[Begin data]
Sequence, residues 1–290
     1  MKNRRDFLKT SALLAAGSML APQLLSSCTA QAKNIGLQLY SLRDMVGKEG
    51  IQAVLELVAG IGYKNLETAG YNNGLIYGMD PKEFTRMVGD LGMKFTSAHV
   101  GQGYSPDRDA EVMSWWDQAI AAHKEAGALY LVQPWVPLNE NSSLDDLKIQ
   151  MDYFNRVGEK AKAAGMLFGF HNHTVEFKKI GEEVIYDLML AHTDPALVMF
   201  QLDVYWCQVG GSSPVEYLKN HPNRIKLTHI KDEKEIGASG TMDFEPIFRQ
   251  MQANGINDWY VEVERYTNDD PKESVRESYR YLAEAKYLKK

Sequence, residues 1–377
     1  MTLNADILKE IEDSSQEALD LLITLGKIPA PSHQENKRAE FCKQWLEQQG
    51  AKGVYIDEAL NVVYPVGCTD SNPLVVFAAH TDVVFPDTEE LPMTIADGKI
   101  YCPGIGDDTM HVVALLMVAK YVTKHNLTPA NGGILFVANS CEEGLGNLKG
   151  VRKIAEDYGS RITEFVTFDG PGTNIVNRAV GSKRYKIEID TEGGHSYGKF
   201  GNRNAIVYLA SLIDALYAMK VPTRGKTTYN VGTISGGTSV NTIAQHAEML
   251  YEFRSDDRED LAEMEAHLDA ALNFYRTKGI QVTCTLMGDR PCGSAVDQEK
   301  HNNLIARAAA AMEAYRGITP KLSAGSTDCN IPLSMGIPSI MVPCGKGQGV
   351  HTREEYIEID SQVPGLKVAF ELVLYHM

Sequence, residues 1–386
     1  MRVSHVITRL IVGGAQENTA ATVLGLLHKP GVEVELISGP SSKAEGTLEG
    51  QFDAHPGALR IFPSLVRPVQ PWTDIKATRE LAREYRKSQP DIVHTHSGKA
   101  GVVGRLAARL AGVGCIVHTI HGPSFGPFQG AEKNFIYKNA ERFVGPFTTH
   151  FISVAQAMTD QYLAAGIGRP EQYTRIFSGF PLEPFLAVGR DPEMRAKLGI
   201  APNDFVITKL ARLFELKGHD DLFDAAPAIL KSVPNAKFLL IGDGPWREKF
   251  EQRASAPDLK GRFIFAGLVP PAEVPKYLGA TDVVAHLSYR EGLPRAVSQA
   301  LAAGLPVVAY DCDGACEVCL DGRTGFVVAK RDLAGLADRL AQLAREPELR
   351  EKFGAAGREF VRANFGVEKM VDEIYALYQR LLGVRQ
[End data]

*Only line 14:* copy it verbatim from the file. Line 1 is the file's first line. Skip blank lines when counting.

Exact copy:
   251  YEFRSDDRED LAEMEAHLDA ALNFYRTKGI QVTCTLMGDR PCGSAVDQEK